If ever there was a legal case that made you want to scream, a recent one brought by Nutella against a small burrito chain might be it.
Ferrero, which owns Nutella, recently sent a cease and desist order to Boston-based Boloco, which sold a "Nutella Milkshake" made with Nutella, skim milk, and frozen yogurt for 14 years without incident.
Boloco CEO John Pepper sent out a Tweet earlier this month expressing his frustration:
Pepper told the Boston Herald that Nutella's legal team is fine with him selling the product, but doesn't "endorse the use of Nutella or the Nutella brand in frozen beverages."
It's possible the cease-and-desist letter was partially motivated by broader concerns of Ferraro's. Earlier this year, the company paid $3 million to settle a class-action lawsuit that alleged that Ferraro overstated the health benefits Nutella in its advertisements. So being associated with a milkshake might not be the best look for Nutella right now.
The Citizen Media Law Project blog points out that Ferrero is making its claims on trademark grounds. But it points out a 1924 Supreme Court case ruling in which an overreaching claim was struck down:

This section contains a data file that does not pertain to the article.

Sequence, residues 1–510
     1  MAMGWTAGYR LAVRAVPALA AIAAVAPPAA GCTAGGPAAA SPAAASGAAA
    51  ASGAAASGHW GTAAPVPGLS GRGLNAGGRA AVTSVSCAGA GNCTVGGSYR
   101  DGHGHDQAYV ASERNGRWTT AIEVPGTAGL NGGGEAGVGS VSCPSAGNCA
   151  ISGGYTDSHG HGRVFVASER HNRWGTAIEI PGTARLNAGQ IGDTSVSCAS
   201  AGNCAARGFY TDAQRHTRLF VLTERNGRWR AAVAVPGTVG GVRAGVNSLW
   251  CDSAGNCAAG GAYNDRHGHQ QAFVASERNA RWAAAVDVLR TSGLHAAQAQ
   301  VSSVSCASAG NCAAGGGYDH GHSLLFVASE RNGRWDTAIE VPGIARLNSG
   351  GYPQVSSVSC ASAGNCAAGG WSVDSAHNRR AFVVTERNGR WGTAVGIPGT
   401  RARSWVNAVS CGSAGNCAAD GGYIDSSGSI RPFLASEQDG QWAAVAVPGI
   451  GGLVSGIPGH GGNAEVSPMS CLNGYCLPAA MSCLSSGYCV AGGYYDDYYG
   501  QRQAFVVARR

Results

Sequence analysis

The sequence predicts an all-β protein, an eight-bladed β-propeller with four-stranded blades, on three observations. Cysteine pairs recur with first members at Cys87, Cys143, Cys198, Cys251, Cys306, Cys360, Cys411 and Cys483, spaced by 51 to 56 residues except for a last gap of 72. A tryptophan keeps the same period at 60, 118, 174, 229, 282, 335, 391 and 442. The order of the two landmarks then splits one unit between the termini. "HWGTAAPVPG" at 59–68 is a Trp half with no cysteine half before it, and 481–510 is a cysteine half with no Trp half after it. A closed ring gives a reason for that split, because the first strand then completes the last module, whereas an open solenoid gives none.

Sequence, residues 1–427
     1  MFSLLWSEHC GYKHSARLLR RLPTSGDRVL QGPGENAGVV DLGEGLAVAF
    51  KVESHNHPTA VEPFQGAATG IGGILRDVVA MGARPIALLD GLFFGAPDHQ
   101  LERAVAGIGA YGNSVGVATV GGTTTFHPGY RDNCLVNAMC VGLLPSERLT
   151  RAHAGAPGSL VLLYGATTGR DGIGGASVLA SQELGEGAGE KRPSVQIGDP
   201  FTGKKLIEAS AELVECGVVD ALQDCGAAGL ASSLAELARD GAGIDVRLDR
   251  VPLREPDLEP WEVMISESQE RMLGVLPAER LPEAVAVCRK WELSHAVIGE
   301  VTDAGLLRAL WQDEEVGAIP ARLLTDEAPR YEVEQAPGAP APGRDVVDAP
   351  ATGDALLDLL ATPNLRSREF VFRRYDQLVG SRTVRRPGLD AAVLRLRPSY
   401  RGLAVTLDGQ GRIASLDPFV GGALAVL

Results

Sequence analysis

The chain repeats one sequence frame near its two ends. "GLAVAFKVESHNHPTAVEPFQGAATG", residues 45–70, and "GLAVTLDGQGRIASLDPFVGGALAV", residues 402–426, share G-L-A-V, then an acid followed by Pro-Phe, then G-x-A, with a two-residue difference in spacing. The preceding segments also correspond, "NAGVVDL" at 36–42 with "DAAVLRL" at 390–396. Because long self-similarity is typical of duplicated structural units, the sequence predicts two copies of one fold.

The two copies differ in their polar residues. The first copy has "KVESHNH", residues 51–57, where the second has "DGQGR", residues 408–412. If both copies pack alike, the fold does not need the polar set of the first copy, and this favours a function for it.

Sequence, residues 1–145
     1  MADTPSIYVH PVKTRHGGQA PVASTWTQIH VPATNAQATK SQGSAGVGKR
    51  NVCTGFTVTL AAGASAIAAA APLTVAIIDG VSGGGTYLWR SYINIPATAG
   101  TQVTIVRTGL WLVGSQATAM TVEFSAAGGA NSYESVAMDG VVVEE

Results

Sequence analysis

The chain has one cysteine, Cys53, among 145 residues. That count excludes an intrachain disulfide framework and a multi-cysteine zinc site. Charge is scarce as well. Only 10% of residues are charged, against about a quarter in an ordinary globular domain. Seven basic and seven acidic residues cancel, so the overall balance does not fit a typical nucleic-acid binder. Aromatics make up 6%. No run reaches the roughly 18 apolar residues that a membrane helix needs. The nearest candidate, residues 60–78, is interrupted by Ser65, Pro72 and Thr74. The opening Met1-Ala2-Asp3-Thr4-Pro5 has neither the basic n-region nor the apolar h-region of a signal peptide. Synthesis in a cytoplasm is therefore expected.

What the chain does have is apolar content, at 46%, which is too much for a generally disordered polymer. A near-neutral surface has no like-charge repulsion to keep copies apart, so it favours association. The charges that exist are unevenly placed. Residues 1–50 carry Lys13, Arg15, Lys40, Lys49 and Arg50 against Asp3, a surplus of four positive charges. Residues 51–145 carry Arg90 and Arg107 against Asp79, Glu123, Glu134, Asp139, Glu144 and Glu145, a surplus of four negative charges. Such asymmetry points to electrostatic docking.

[W]hat new rights does the trade-mark confer? It does not confer a right to prohibit the use of the word or words. It is not a copyright. . . . A trade-mark only gives the right to prohibit the use of it so far as to protect the owner's good will against the sale of another's product as his. . . . When the mark is used in a way that does not deceive the public we see no such sanctity in the word as to prevent its being used to tell the truth. It is not taboo.
Regardless, it seems Pepper will stop selling Nutella to avoid trial. The change will come at a price, however:
"... we’re going to lose business because of this. People love Nutella. It’s a top seller of all our shakes and smoothies by some margin.”
Pepper also told the Boston Herald that his company may spend tens of thousands of dollars on menu reprints and new menu boards.
BEFORE YOU GO
How to vote
Vote-by-mail ballot request deadline: Varies by state
For the Nov 3 election: States are making it easier for citizens to vote absentee by mail this year due to the coronavirus. Each state has its own rules for mail-in absentee voting. Visit your state election office website to find out if you can vote by mail.Get more informationTrack ballot status
In-person early voting dates: Varies by state
Sometimes circumstances make it hard or impossible for you to vote on Election Day. But your state may let you vote during a designated early voting period. You don't need an excuse to vote early. Visit your state election office website to find out whether they offer early voting.My Election Office
General Election: Nov 3, 2020
Polling hours on Election Day: Varies by state/localityMy Polling Place